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85,000 dogs steralised across the country since 2009

The second dog population survey found that 60-80 percent of dogs in Bhutan are sterilised and vaccinated, a press release from Humane Society International (HSI) states.

About 85,000 dogs across the country have been sterilised and given anti-rabies vaccination since the launch of National Dog Population Management (NDPM) and Rabies Control Project in 2009.

HSI and Department of Livestock, conducted the second dog population survey from June 24 to July 10 this year.

The survey included street dog population count and a Knowledge Attitude Practice (KAP) survey.

According to the press release, the survey found that 21 percent of urban households in Thimphu and Paro city, and 40 percent of rural households own a pet dog.

According to the survey, no dogs in Thimphu were found with canine transmissible venereal tumors (CTVT). “CTVT were common among street dogs before the project started in 2009. The HSI team suggests this to be the direct consequence of the NDPM programme,” the press release states.

Senior programme manager of monitoring and evaluation with HIS, India, Dr Amit Chaudhari, said that after almost 10 years of the sterilisation project, developing trends can be seen. “We conducted the first survey for Bhutan in 2015 in which we found high sterilisation rate in urban areas like Thimphu and Paro city while in rural area it was quite low. Now, three years later, we can compare both situations and learn more about complex dog dynamics.”

The first survey found 67 percent street dogs in Thimphu city and 73.8 percent in Paro were sterilised while 45.5 percent of the street dogs in Thimphu rural areas and 57.6 percent in Paro rural area were sterilised.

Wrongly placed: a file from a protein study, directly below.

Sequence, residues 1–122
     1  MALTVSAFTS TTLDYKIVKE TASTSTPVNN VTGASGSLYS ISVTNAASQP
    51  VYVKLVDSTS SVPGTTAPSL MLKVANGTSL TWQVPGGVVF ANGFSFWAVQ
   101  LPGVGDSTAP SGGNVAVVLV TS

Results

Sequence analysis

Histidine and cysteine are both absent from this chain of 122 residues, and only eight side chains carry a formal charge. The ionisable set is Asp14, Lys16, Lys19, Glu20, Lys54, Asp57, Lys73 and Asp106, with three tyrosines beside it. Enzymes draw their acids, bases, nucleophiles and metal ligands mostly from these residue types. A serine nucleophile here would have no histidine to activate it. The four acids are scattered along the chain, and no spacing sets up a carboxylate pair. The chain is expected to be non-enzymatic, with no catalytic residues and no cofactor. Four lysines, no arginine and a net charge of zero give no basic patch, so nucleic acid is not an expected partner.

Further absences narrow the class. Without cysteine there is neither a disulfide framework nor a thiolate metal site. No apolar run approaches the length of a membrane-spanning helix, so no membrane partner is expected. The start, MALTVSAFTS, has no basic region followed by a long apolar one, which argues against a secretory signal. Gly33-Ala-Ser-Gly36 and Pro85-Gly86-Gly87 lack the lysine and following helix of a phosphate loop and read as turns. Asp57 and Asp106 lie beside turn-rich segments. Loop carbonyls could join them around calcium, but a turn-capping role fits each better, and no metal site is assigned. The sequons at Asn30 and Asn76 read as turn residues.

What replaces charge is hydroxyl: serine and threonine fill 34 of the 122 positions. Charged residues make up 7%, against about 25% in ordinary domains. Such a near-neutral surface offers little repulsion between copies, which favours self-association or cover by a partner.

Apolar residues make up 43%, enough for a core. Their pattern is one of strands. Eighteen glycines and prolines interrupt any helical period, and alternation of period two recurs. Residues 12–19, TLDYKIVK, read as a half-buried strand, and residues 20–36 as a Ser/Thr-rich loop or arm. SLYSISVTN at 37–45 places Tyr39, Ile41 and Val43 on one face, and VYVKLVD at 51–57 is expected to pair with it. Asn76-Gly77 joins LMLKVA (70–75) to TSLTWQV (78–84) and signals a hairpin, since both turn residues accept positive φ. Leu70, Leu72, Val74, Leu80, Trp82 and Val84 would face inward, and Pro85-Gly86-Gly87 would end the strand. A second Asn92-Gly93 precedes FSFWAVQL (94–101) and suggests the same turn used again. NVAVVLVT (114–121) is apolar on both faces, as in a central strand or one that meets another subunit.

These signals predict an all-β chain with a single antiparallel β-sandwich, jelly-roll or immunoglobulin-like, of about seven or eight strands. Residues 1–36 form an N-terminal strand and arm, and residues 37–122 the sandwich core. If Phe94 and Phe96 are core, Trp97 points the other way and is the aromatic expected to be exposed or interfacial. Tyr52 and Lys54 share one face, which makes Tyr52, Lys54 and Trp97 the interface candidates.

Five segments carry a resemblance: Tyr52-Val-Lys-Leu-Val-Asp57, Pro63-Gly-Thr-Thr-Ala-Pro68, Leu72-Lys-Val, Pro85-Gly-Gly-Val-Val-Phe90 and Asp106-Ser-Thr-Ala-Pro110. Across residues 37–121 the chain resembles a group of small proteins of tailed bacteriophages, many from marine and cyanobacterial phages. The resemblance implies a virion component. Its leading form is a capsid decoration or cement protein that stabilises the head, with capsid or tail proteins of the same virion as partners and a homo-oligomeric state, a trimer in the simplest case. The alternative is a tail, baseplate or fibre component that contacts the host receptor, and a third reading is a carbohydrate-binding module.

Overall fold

According to the manager of  research and development, HSI UK office, Tamara Kartal, the number of sterilisations performed in towns such as Paro has changed little over the last years with about 1,500 dogs being sterilised each year. “Maintaining high sterilisation rates and continuing sterilisation efforts should have resulted in a decreased dog density. Our June 2018 street counts, however, show quite the opposite trend with significantly increased dog densities for both Paro and Thimphu, indicating that the source of new dogs (the source appears to not only be puppies born to roaming dogs) has not been adequately addressed yet.”

She said that newly available resources such as increased human and hotel density, which increases meat shop density and available garbage may have sustained the increased dog population. “Our preliminary observations suggest that dog behaviour varies significantly between dog packs within urban areas but also comparatively between dogs encountered in rural vs urban areas. Abandonment of adult dogs and puppies born and sired by owned dogs contribute to an unknown (and yet unaddressed) degree to the roaming dog population in especially urban areas of Bhutan.”

The second dog population survey counted the street dog and household pet dog population, and documented attitudes and practices of humans towards their dogs.

The street dog population survey was conducted in eight dzongkhags -Thimphu, Paro, Samtse, Chukha, Bumthang, Trashignag, Sarpang and Samdrupjongkhar.

A household pet dog survey was conducted in Thimphu and Paro valley to document pet information, history of dog bites and general attitudes related to street dogs. The responsibility and commitment level of the owners, whether the dog is allowed to roam freely or not, and the health and well-being of the dog were also assessed.

Deputy chief veterinary officer with Bhutan’s National Centre for Animal Health, Dr Hiruka Mahat, said that the Monitoring Evaluation Impact Assessment, which includes the KAP survey and street dog count, are vital tools to gauge the impact the NDPM and Rabies Control Project had on having a sustainable dog population in the country.

“The KAP survey has helped us determine any improvement in community knowledge and perceptions towards free-roaming dogs and its control programme and how the public perception has changed over time,” he said.  “This would enable us to have appropriate strategies in place that would go a long way in achieving the project goals.”

Karma Cheki 

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